As for page 42, it’s the fifth cicuit doing the reversing on the district court’s decision, but the way it’s written it looks like the district court is reversing its own verdict.

    See Dubya (90e77e)

  9. . . .though I still think the proofreading is like splashing around in the kiddie pool . . .

    Maybe if we hadn’t been told about her legendary attention to detail, and obsessiveness over punctuation and grammar. The more you read her stuff, the goofier and less plausible such claims become.

    Plus, sometimes splashing around in the kiddie pool is fun.

    Patterico (4e4b70)

  10. As for page 42, it’s the fifth cicuit doing the reversing on the district court’s decision, but the way it’s written it looks like the district court is reversing its own verdict.

    See-Dub gets it!

    Patterico (4e4b70)

  11. Thanks for not noticing my typo on “circuit”.

    See Dubya (90e77e)

  12. Here’s the See-Dub comment criticizing me for filing something under Humor:

    It kinda ruins it when it says “FILED UNDER: HUMOR” at the top. Might as well say “Get those laugh muscles ready, guys, cause here comes tha funny!”

    Note: I know that the Harriet Miers blog is not real. Same goes for the phony George Bush comment.

    Yes, I am being brutal and relentless. That’s just the kind of bastard I am at heart.

    Patterico (4e4b70)

  13. Ah, I see your point. You do realize, however, that law school dropouts have served on the Supreme Court, only half of supreme court justices have ever held a law degree, an only about 20% of justices have had a 3-year law degree.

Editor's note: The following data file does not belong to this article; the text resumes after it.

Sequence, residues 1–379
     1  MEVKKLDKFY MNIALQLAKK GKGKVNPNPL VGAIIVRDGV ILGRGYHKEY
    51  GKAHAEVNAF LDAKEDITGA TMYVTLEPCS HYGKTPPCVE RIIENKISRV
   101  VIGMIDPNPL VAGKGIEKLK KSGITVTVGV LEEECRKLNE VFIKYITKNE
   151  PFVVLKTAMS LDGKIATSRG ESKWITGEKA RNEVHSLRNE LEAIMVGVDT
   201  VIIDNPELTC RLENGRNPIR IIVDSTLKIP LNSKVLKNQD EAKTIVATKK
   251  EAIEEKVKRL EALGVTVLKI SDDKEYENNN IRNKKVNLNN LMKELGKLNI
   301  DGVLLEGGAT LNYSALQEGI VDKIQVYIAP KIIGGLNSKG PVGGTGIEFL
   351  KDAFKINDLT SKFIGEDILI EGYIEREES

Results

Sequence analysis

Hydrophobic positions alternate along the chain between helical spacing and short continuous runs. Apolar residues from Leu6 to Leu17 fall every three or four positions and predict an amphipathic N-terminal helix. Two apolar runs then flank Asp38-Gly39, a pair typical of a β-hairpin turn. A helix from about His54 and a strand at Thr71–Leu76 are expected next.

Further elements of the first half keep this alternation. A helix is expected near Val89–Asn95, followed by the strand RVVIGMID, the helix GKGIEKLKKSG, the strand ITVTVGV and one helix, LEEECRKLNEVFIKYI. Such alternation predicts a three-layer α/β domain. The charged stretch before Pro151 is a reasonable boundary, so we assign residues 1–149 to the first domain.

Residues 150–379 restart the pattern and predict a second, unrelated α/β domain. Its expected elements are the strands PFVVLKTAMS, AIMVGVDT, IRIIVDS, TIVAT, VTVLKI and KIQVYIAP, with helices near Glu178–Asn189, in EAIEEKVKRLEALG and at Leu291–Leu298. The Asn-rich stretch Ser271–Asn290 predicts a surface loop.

Those were the glory days of strict constructionists.

    Nowdays you need a three-year law degree, a stint as a law professor, head of a bar association, twenty years on the bench, a Pulitzer prize in journalism, and a Nobel prize in both literature and physics.

    George Turner (36dcbe)

  14. This is great. Daniel Drezner pointed out that this was from someone who, if NOTHING else, was supposed to be meticulous. Makes you wonder what else in the Miers marketing campaign isn’t exactly correct.

    A Senior Administration Official (5c600b)

  15. Thanks for not noticing my typo on “circuit”.

    Sure thing. And you and George Turner don’t have to thank me for not noticing your habit of placing periods outside quotation marks. Really: don’t mention it!

    Patterico (4e4b70)